For this next part, we need to stop at the Japan Pavilion in Epcot and thank them for what they taught us decades ago. You see, when soldiers stationed in Japan couldn't understand menu items, wise restaurateurs hired candlemakers to sculpt perfect, wax replicas of the menu items so you knew what you were getting. This concept was brought back to other countries and still exists today. However, in America, places use plastic replicas, the actual item, or, as Disney smartly does, put it right out there for you guests. Like this:
Oh yeah! Who needs anything else? You know exactly what it is: vanilla ice cream with a chocolate coating, shaped in a classic Mickey. The picture speaks for itself in volumes. That it's cool and refreshing on a warm Disney day… the perfect little treat during your vacation or celebration… how creamy it is…
Stop licking the screen.
In this case, Disney uses a picture since the actual product can't be put in front of you, since it would melt. Something like popcorn locations can have the product in front of you; bakeries do the same thing since you can see what it is. I can't tell you how many times I've considered a healthy treat until I get into a place like the Kringla Bakeri og Cafe in Epcot's Norway and end up with a Rice Cream in my hand.
Mmmm, rice cream….
Uh, where was I? Oh, yes! Having the items in front of the guests serves Disney's international audience in an entirely different way. My friend from Spain never knew what a funnel cake was: a word description wouldn't help her, but seeing it and the aroma gave her everything. It works both ways: I remember the first time I saw the word churro. I didn't know what it meant, but I could see it and I could smell its wonderful scent!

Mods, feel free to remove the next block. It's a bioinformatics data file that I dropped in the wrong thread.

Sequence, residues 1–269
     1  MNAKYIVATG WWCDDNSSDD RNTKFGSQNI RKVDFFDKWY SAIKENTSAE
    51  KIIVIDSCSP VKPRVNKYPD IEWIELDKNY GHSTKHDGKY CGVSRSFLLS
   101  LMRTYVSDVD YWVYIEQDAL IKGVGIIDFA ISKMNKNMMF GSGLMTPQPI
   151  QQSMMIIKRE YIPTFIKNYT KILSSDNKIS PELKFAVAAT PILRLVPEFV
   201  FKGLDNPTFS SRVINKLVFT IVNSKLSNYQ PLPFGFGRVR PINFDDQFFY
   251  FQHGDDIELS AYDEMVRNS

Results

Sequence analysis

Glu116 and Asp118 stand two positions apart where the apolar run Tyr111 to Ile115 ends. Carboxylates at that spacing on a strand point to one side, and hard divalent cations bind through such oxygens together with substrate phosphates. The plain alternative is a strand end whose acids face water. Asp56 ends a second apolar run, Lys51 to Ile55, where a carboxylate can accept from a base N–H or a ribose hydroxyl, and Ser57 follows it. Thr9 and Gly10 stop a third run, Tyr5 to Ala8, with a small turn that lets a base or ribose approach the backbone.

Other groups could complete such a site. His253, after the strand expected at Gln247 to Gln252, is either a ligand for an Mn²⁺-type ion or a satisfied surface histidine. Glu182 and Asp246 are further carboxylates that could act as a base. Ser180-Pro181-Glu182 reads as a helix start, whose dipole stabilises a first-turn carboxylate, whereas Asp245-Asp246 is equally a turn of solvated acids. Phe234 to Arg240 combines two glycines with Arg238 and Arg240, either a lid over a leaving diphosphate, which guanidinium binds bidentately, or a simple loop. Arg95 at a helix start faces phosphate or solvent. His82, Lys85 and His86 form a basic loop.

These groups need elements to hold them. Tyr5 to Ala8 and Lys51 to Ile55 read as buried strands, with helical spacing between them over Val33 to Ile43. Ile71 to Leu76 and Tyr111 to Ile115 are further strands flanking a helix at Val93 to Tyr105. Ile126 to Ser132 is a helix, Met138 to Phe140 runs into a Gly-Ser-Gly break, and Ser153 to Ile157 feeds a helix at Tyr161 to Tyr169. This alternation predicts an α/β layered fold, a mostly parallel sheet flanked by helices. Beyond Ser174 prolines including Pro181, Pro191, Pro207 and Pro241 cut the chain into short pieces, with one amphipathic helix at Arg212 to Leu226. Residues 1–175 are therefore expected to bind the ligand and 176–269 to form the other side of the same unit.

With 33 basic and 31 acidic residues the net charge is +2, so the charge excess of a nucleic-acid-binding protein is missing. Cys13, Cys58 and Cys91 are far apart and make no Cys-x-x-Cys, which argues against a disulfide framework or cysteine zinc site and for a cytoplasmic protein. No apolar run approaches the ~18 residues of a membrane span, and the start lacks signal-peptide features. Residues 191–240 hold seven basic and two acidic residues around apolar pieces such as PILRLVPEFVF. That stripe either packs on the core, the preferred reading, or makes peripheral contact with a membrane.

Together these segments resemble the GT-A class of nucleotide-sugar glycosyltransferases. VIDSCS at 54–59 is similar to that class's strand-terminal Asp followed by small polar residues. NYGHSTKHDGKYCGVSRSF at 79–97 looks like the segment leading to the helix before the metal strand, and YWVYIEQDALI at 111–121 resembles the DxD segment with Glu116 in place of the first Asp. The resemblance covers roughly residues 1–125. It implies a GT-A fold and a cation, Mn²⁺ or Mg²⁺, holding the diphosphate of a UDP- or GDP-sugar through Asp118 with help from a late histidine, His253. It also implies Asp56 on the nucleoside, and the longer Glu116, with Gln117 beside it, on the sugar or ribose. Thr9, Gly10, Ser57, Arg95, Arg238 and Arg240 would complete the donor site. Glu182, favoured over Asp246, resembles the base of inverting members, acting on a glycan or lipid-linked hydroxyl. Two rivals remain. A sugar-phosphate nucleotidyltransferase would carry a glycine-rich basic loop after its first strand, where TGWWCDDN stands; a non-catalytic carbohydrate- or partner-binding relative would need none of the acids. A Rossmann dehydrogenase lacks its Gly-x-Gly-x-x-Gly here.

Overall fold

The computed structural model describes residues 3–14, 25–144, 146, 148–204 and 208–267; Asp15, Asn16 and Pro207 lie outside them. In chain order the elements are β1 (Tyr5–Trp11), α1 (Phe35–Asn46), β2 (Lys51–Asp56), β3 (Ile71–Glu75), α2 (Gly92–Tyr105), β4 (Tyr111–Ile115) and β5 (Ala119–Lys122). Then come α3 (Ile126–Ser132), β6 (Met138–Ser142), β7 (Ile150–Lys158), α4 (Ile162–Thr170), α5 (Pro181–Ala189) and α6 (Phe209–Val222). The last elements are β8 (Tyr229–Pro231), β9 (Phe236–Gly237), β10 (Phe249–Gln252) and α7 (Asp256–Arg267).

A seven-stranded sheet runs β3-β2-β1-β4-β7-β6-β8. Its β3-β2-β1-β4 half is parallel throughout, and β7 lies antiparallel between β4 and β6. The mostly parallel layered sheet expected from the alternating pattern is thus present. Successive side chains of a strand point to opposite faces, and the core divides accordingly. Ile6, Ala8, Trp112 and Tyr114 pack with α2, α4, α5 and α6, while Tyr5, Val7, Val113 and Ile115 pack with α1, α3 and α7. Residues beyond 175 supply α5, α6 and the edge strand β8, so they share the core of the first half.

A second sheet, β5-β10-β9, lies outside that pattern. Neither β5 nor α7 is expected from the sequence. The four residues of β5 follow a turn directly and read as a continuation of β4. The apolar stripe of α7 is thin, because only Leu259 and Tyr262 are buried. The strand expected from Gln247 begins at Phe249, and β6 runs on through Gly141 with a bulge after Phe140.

Now for that item on the menu that holds the same position as any castle on a Disney Main Street or Grizzly Mountain or the Tree of Life: Walt called them "weenies", those focal points that beckon you towards them. In menus, they're called "anchors". They are separated with a shaded box, horizontal lines, centered above the others,or just with enlarged writing, and they have two purposes. They show you a signature item and they help the restaurant walk that tightrope of communicating price. Something more expensive than other items, but less than the anchor, is placed below it. This way, the anchor item satisfies two audiences: the first orders the anchor, accepting its higher price for its value. The second audience gasps at the anchor's price, but now sees the second high price item below it as affordable in comparison. Both parties are happy. At Disneyland's Carnation Cafe, the anchor item is "Oscar's Choice: The Cafe Chef Salad". It's centered above the other specialties, and named after the gentleman who is the longest serving Cast Member anywhere: Oscar Martinez, who first started in 1956, when Walt walked Disneyland. (You can meet him in his current role as unofficial Disney ambassador; I hope to get his autograph on my Disneyana Carnation menu.)
Does any of this mean I expect you to dissect a Disney menu for its details? No. After all, I don't look at that picture of the Mickey Ice Cream bar and think, "What made them pick that blue striped background? How many graphic artists had to put in how many hours to come up with the Walt Disney World Dining Plan icon until they felt it met a Disney feel that would fit into the parks?" I'm actually thinking, "I wish I could get one right now. I don't care that I'm on a diet!" The magic of a Disney menu is meant to be something like so many other details: taken in by your senses to create a mood while giving information.
And if you stop once in a while with a smile because you consciously see one of those little bits of pixie dust, like thinking, "You know, that striped background is kind of like an old ice cream parlor wallpaper," then it's all part of enjoying the details that go into Disney.
ABOUT THE AUTHOR: Erin Blackwell loves being part of the AllEars.Net team and primarily works on menus, the Fort Wilderness Fact Sheet, the PhotoPass page, and Disney desktops. When she's at Walt Disney World, you can find her in her home away from home, Fort Wilderness, with her husband and dogs.
Editor's Note: This story/information was accurate when it was published. Please be sure to confirm all current rates, information and other details before planning your trip.